James Krache was shot during a robbery of his business, Suncliff Garage, on Frankstown Rd., Penn Township, late in the evening of February 18, 1922. He died early the next morning.
Elmer Johnston, his brother, William Johnston, Joseph Villano, and Paul Agresti were arrested March 2 in Uniontown for their involvement in an unrelated theft case. Once in custody, they confessed to police that they had robbed and killed Krache. They were also implicated in a series of robberies in the area.
Based on their confessions, it was determined that Elmer Johnston, a 23-year old coalminer, was the group’s leader. He stole the car used in the robbery. He entered Krache’s business while his accomplices stayed outside. He fired the initial shots, though Agresti later fired the fatal shot.
At trial, Johnston argued that his confession was coerced and should be excluded. That argument was rejected. His argument that he went to the garage to transact legitimate business and acted in self-defense when Krache argued with him and threatened him was likewise rejected.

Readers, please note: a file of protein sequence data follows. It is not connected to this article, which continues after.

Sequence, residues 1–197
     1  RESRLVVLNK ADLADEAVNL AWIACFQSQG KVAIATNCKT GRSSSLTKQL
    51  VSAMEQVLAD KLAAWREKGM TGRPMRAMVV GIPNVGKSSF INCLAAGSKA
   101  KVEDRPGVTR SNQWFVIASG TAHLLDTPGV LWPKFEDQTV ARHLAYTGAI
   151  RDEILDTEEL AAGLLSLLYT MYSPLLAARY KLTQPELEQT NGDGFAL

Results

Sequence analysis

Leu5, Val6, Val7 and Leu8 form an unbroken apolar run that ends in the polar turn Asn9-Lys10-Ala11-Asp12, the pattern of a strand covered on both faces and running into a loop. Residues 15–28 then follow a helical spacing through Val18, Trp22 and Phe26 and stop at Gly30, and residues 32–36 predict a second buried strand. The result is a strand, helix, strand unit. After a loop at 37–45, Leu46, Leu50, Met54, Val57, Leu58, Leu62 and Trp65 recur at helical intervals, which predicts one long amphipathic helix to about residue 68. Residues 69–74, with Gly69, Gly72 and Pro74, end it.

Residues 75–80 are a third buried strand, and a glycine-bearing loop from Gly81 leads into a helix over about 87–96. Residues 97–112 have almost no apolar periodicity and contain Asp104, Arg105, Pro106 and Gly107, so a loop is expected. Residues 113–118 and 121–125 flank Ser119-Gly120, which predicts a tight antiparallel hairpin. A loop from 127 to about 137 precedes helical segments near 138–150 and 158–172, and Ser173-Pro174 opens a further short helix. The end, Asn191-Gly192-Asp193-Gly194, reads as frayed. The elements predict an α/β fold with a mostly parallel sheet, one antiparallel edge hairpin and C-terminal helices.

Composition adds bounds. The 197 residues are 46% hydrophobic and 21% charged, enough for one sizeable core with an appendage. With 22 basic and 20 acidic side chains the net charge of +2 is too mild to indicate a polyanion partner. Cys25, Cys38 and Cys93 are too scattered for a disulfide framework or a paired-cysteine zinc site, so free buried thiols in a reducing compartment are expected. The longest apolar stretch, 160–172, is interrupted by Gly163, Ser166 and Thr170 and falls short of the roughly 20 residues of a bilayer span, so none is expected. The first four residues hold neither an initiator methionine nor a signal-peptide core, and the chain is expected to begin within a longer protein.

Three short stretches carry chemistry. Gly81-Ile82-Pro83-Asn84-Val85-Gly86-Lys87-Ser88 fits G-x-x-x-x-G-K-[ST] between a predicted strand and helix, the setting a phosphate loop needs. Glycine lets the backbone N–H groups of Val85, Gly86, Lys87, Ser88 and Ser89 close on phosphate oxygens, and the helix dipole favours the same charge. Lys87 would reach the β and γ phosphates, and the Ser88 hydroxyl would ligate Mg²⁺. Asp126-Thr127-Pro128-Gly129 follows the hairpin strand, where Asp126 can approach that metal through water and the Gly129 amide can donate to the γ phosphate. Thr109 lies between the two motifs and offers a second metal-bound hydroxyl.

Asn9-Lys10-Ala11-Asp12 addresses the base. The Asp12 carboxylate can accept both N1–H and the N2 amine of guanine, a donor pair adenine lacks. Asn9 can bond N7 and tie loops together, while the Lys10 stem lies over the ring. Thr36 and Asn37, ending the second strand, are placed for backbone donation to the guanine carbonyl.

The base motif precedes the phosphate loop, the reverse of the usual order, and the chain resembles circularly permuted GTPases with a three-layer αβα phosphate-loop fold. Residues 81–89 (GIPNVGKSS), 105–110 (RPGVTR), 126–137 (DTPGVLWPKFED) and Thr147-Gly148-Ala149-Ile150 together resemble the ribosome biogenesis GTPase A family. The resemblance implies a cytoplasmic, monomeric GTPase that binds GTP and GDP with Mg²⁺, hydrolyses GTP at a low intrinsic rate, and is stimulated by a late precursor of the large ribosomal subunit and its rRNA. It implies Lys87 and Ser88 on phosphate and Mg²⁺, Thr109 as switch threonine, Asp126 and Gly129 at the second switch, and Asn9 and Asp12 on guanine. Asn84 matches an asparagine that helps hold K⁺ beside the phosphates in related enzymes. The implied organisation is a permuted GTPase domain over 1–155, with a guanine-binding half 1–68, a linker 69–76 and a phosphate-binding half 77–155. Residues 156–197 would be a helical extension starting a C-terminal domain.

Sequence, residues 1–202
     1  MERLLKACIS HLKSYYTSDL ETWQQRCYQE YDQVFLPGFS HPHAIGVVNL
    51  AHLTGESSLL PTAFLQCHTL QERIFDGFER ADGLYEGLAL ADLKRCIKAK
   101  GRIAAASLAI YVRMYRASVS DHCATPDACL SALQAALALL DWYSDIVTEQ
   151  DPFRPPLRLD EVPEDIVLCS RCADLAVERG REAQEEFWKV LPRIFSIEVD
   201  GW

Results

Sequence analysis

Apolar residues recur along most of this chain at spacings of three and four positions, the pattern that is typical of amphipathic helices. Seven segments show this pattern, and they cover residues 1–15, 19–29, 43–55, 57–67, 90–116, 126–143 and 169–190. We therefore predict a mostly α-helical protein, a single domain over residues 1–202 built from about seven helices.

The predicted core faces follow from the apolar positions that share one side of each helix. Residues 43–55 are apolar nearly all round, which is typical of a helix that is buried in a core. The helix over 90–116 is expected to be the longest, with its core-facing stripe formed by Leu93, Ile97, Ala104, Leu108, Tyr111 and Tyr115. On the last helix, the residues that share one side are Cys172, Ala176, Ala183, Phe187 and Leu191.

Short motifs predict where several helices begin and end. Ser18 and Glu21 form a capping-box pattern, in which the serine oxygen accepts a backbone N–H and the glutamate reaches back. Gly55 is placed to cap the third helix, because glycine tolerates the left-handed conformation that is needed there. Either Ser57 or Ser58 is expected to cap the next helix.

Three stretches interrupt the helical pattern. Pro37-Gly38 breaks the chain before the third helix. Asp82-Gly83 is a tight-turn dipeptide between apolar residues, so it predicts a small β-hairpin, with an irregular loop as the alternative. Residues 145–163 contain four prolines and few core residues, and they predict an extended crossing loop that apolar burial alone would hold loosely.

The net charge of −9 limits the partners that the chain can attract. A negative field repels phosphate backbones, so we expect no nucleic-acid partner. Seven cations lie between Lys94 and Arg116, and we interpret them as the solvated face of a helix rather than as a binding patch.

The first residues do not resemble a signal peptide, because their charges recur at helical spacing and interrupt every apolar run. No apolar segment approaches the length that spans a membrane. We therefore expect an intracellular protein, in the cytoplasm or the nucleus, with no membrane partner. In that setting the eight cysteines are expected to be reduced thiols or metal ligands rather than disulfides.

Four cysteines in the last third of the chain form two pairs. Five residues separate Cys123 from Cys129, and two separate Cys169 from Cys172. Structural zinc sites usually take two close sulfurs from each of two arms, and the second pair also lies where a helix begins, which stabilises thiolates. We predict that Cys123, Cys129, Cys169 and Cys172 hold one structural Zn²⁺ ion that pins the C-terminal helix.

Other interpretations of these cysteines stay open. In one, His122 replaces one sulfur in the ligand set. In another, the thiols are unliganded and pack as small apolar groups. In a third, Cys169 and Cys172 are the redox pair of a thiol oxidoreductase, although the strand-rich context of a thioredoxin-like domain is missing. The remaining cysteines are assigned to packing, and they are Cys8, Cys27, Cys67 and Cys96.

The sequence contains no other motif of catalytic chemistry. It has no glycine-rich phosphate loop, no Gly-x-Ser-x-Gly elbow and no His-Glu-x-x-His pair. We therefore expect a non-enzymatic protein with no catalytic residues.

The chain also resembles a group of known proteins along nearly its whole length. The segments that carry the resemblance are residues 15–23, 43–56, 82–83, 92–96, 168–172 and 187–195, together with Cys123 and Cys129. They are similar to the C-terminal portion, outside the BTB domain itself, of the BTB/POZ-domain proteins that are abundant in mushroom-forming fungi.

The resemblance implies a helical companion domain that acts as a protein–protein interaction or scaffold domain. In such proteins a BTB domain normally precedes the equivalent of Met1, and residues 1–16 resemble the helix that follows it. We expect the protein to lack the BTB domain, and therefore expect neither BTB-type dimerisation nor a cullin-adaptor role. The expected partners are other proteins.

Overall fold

Elmer Johnston was convicted of first-degree murder on November 17, 1922.
Agresti, who testified against Johnston, was convicted of second-degree murder on January 8, 1923, and sentenced to five to ten years in Western Penitentiary. Villano was convicted of second-degree murder on November 24, 1922, and sentenced to eighteen to twenty years in Western Penitentiary.
On appeal, Johnston argued a series of technical points; all of them were rejected (Commonwealth v. Johnson, 279 Pa. 40, 1924).
Johnston’s death sentence was commuted to life on April 17, 1924. In making its decision, the Pardon Board noted that Johnson’s accomplices were convicted of second-degree murder and that Johnson had not fired the fatal shot.
Johnston was transferred to Western Penitentiary. After at least ten pardon requests, Johnston was released from prison in 1941. He moved to Victory, Venango County, where he died in 1992.